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Starring: Gareth Thomas (Blake), Sally Knyvette (Jenna), Paul Darrow (Avon), Jan Chappell (Cally), Michael Keating (Vila), David Jackson (Gan) and Peter Tuddenham (Orac/Zen).
Guest-Starring: William Squire (Kommissar), Darien Angadi (Ro), Souad Faress (Selma), Brian Miller (Assistant Kommissar) and Paul Haley (Chief Guard).
Crew: Ralph Wilton (Production Assistant), Sheelagh Rees (Production Unit Manager), Mat Irvine/Peter Pegrum/Andrew Lazell (Visual Effects Designers), Peter Chapman (Film Cameraman), Ian Sansam (Film Recordist), Sheila S. Tomlinson (Film Editor), Brian Clemett (Studio Lighting), Clive Gifford (Studio Sound), Richard Yeoman-Clark (Special Sound), A.J. Mitchell (Electronic Effects), June Hudson (Costume Designer), Marianne Ford (Make-Up Artist), Dudley Simpson (Music), Terry Nation (Series Deviser), Chris Boucher (Script Editor), Paul Allen (Designer) and David Maloney (Producer).
Trivia: This was the episode with the lowest ratings on original UK transmission.
Story: The crew is in the early stages of “fatigue shock” and is looking for somewhere to rest for a while. Travelling on the edge of the spiral rim at zone 8 (which is claimed to be out of the reach of the Federation), they are passed by a Federation Freighter bound for the planet Horizon. They follow the freighter to zone 9 and orbit the planet at co-ordinates 10 by 13 WZ. Blake and Jenna teleport down to the surface in the theta section. However, they are soon captured by a native tribe governed by the Federation, as are Cally, Vila and Gan.
After the rest of the crew have been captured, Avon uses Orac to calculate that he has concentrated food for 1000 years with the Liberator on self-regenerating power. The ship can withstand all but an attack from three Federation Pursuit Ships, and by travelling alone Avon has a 3.5 to 1 survival chance. With this in mind, he contemplates deserting the others, yet changes his mind, rescuing them. Meanwhile, Blake has turned the tribal leader, Ro, against his Federation masters. (He tells him he knew about Ro from Pora, a member of the colony, and helps Ro to realise the Federation killed his father). Ro turns against the Federation officers and helps to overthrow them, while the crew teleport back up to the Liberator.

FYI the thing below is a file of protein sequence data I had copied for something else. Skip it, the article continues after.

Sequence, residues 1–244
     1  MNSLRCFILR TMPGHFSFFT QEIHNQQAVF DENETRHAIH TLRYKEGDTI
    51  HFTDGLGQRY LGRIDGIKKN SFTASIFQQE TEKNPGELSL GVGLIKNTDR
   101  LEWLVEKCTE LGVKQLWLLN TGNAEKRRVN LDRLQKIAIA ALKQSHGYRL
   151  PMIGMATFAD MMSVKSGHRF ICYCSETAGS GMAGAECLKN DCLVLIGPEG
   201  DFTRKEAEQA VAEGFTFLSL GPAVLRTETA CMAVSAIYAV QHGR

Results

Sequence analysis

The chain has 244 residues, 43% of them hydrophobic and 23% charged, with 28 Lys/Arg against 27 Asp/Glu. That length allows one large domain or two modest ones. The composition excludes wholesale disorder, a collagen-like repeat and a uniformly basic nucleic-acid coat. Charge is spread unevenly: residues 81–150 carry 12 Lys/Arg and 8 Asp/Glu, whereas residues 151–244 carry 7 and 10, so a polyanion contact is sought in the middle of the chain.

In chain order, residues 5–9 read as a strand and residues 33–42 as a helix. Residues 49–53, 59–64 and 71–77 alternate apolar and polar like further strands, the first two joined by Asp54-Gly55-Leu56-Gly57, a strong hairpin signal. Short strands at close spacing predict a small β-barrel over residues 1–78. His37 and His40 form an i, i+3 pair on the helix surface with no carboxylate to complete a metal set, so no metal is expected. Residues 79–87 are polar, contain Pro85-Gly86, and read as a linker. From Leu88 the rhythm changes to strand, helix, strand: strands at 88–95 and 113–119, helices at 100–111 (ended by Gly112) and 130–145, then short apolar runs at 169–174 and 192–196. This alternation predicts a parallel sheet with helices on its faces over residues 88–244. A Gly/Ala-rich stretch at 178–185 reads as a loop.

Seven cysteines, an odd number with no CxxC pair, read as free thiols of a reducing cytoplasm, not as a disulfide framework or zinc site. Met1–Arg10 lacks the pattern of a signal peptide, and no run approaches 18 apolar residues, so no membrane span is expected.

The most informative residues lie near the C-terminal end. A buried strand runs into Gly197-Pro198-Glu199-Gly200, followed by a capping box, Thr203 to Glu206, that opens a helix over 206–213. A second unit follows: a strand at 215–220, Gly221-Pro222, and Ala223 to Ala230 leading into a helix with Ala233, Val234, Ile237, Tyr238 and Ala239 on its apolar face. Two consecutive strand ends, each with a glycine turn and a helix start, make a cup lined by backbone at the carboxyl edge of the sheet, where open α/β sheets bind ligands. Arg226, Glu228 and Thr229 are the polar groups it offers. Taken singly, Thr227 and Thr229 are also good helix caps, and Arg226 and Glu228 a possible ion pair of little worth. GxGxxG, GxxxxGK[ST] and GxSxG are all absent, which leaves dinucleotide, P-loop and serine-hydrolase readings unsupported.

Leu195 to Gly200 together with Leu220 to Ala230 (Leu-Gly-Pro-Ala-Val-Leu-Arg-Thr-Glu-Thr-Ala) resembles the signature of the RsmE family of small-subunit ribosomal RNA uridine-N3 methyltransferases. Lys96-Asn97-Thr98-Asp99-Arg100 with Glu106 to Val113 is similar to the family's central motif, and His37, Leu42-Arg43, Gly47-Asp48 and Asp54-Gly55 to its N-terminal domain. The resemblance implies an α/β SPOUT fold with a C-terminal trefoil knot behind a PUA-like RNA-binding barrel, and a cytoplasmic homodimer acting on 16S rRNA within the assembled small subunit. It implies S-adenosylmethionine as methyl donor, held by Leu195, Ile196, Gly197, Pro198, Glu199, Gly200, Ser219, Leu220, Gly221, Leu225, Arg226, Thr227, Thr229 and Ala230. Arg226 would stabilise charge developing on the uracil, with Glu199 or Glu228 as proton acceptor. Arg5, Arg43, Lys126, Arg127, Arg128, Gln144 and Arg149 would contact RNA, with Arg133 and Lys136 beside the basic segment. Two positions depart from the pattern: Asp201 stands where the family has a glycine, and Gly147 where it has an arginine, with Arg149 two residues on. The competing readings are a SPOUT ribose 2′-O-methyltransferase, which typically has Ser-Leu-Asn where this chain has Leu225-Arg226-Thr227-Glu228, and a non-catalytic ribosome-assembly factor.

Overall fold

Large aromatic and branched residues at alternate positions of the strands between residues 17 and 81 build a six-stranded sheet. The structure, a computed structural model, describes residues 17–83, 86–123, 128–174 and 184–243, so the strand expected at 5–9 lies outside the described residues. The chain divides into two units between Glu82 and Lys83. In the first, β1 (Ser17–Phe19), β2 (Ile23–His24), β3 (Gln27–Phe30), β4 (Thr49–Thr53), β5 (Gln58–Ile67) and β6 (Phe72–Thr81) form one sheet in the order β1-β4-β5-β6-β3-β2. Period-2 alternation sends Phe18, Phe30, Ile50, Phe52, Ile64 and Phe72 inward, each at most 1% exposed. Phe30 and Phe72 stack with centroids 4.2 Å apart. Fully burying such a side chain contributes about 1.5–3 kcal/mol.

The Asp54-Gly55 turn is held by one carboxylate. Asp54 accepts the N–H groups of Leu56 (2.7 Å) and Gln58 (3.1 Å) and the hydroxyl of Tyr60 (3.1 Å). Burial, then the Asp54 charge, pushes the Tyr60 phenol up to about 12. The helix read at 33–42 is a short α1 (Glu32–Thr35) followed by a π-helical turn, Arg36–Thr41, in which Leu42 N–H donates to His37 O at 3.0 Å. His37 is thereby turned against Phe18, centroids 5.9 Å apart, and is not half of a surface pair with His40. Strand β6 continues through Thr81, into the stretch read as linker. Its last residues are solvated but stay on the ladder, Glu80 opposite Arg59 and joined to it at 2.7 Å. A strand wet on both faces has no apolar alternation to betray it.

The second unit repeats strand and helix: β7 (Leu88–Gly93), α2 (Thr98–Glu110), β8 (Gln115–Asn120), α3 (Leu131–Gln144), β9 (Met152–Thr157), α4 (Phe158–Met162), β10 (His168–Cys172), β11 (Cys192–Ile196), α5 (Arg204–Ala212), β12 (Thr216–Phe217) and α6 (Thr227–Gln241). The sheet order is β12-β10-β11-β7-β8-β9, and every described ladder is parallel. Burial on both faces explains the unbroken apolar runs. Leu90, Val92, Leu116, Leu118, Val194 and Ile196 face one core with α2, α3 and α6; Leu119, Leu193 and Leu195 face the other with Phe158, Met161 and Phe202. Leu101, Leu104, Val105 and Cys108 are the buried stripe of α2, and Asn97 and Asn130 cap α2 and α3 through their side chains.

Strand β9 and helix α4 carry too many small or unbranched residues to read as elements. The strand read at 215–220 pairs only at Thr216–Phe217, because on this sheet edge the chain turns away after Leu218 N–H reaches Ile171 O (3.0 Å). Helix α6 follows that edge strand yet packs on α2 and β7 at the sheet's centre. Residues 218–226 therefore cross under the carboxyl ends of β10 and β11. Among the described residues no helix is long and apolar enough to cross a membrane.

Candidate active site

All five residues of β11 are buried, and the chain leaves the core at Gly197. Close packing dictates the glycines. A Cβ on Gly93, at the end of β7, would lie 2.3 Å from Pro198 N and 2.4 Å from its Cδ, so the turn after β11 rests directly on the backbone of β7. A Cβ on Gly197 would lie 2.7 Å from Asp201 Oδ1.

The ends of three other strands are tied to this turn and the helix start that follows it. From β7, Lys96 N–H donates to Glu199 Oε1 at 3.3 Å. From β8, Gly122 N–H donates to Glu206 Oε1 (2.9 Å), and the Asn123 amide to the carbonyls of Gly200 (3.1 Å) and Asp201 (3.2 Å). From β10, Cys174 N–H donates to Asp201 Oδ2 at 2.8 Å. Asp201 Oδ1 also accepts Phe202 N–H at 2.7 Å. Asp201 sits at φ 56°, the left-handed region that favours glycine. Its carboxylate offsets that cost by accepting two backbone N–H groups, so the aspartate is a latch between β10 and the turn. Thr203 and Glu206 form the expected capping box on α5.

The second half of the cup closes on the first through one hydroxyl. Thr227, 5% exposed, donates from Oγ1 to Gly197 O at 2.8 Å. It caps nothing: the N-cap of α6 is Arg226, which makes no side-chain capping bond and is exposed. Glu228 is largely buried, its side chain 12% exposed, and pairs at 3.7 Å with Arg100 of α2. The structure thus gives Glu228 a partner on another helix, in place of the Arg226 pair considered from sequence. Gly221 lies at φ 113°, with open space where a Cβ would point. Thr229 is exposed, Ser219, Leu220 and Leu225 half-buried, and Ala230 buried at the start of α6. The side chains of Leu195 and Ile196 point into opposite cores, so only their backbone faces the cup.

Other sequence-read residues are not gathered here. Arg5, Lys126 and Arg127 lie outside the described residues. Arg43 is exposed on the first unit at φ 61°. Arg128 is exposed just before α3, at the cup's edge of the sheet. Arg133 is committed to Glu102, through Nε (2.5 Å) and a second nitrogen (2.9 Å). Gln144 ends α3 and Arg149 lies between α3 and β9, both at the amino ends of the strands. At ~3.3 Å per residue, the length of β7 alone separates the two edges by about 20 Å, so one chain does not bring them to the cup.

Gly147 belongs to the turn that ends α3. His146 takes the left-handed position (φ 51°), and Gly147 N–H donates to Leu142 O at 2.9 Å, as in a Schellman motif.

Grades: Grades are again mentioned, with Avon calling Vila a “fifth-grade ignorant.” (If this were to be taken literally, then this would suggest the D Labour Grade is a grade beneath the normal D Grade). Vila defends this by saying he had the wrong parents.
Gan: Orac is shown to be teaching Gan something, but what it is he’s teaching him is never defined. (Acting lessons? Don’t be so cruel!)
“I’m not expendable, I’m not stupid, and I’m not going.”
Odd that the Official Appreciation Society should name themselves after not only the episode that the least amount of people saw, but also one of the dullest.
It starts off well enough, but soon becomes a possible cure for insomnia. There have been worse episodes, dafter episodes, cheaper episodes… but few are so downright boring.
Gan in particular is annoying here, a man so thick that after being hit with a tranquilliser dart he walks towards the man who fired it instead of using his weapon. David Jackson gives one of his weaker performances here, and I for one was glad to see him bite the big one the following episode.
Perhaps the worst thing about Horizon is seeing Gareth Thomas and Michael Keating topless. For one, it’s sexist - why didn’t we get to see Jenna do the same? A wasted opportunity. Also, they make me look like I’ve got a good body. This is a classic example of how English the show really is - if this was a US series then it would have had bronzed leads with drumbarrel chests and six packs. Instead, Blake’s 7 gave us some primetime man breasts.
I do like Avon coming to the rescue, piqued by his conscience, and technically I have to give the episode average marks as it’s decently made and performed. Yet the next time I watch it I’ll remember to pack plenty of black coffee…